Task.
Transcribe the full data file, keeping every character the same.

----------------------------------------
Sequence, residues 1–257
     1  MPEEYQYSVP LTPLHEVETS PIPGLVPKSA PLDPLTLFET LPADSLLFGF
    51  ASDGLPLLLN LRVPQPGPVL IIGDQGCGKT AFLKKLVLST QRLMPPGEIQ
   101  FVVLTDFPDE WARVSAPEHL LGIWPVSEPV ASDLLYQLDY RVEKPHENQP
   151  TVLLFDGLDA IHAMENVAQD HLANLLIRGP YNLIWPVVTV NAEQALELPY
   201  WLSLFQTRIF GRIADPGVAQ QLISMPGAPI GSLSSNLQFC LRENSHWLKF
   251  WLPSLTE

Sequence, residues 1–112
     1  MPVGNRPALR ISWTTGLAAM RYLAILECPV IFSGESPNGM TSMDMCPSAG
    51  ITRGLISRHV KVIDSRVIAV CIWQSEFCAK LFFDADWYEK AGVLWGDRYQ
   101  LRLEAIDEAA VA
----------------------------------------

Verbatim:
Sequence, residues 1–257
     1  MPEEYQYSVP LTPLHEVETS PIPGLVPKSA PLDPLTLFET LPADSLLFGF
    51  ASDGLPLLLN LRVPQPGPVL IIGDQGCGKT AFLKKLVLST QRLMPPGEIQ
   101  FVVLTDFPDE WARVSAPEHL LGIWPVSEPV ASDLLYQLDY RVEKPHENQP
   151  TVLLFDGLDA IHAMENVAQD HLANLLIRGP YNLIWPVVTV NAEQALELPY
   201  WLSLFQTRIF GRIADPGVAQ QLISMPGAPI GSLSSNLQFC LRENSHWLKF
   251  WLPSLTE

Sequence, residues 1–112
     1  MPVGNRPALR ISWTTGLAAM RYLAILECPV IFSGESPNGM TSMDMCPSAG
    51  ITRGLISRHV KVIDSRVIAV CIWQSEFCAK LFFDADWYEK AGVLWGDRYQ
   101  LRLEAIDEAA VA